Luca Faé arrives moments later. Muscular and trim, with combed-back hair and an upturned nose, he runs the other corner institution: a floating vegetable stand on a large motorboat, covered with a white tent roof and docked permanently at the very foot of Rio di Sant’Anna. Other vessels come and go, delivering crates of fennel and baskets full of bottled wine to local shops. Luca’s bobbing business, which he calls the Fruit Boat, is the one constant.
For the next two hours, I watch him set up shop. Tan vest zipped over gray T-shirt, cigarette dangling precariously, he stands in the boat as his cousin Massimo tosses him crates from a handcart: giant pea pods, miniature cauliflower, gnarly Sicilian tomatoes we Americans would call “heirloom.” Luca trims the stems from tiny purple artichokes. He arranges the zucchini so the orange-green flowers all face outward, like the sun’s corona. He shows his friends a beet that looks vaguely like the Michelin man, and breaks into a grin.
By now, the green wooden shutters along Via Garibaldi have opened. The air smells like yeast from the bakery across the canal. Sparrows have descended on a pile of uncooked rice—wedding leftovers—in front of the 17th-century Church of San Francisco di Paola. And neighbors greet each other with machine-gun rapidity. “Ciao, ciao.” Four gangly street sweepers approach, jostling like schoolboys, greeting Luca and Massimo in an animated flurry. They park their homemade brooms beside the canal, then disappear inside for their morning pastries. A vegetable deliverer pulls his boat next to Luca’s. The two men are singing the same tune, and for just a moment they perform a spontaneous duet.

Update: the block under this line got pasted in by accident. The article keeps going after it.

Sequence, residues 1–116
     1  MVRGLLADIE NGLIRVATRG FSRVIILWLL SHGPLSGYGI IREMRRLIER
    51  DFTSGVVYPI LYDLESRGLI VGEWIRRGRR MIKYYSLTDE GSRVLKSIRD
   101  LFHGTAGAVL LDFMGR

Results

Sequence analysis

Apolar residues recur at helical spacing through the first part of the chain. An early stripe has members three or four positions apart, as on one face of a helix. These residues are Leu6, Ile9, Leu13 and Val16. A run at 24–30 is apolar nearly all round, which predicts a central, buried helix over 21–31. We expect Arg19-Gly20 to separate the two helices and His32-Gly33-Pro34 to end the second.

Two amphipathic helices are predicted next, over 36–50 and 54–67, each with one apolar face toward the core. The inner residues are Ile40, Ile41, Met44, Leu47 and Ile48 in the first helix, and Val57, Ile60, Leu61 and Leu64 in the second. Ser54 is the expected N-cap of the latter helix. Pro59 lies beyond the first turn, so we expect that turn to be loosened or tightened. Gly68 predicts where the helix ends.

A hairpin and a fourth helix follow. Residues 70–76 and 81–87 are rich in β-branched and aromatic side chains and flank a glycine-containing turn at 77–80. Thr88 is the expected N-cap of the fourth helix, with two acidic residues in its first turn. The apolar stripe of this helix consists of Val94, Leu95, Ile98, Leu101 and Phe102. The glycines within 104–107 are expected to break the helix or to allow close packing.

At 8 o’clock, the first church bells ring. Luca takes a coffee break, and I catch the vaporetto back for a nap. I’ve been up since 4, and even though I haven’t moved two blocks, I feel like I’ve seen all of Venice.
EVERY YEAR, 14 MILLION PEOPLE visit the tiny city of Venice. Most don’t spend the night, or even patronize family-owned restaurants. With few tourist dollars making their way to residents’ pockets, economic times have been tough for Venetians. This partially explains why the city’s population has dropped by almost two-thirds since 1950.
“They always say Venice lives on tourism, but we have to make it an intelligent tourism,” says Michela Scibilia, a local designer, during the thought-provoking documentary The Venetian Dilemma. One way to travel intelligently is to patronize owner-operated eateries—which are the most authentic ones anyway. Scibilia has compiled a guide to her own favorites, called Venezia Osterie & Dintorni, available in English.
That night I visit one of Scibilia’s recommendations: Trattoria dai Tosi, right around the corner from the Fruit Boat. I am surprised when owner Jackie Gill urges me to make a reservation at a pizzeria. But when I arrive at 8 p.m., I understand: This is not a place to grab a slice and run, but rather a gathering spot where extended families from this corner of the sestiere of Castello come to pass the entire evening.
The decor of the dining room is unremarkable: advertising mirrors, paintings by a local artist, thick-beamed ceilings. What makes the evening rich is the human interaction: how every neck turns when a family comes in pushing a stroller; how a father nibbles joyfully on his five-month-old’s tummy; how the servers gingerly step around an alley cat that has taken up residence in the narrow aisle. Every new pizza fills the room with an elemental smell that keeps me reaching for the rosemary bread sticks until my own pie comes, its crunchy crust piled high with spinach and seafood. After I polish it off, my bilingual waiter brings me a ceramic shot glass filled with a licorice liqueur—as cold as my morning’s coffee had been hot, but it is equally thick, and just as potent.
Walking back through the neighborhood, in front of an illuminated Ave Maria shrine built in the brickwork near Rio di Sant’Anna, I pass the family with the baby again. I hear strains of jazz emanate from nowhere, then disappear. I spot Luca’s Fruit Boat, stripped of its vegetables, crates neatly stacked three-high. I don’t think it is the alcohol talking when I realize that to me Venice has never been more intoxicating.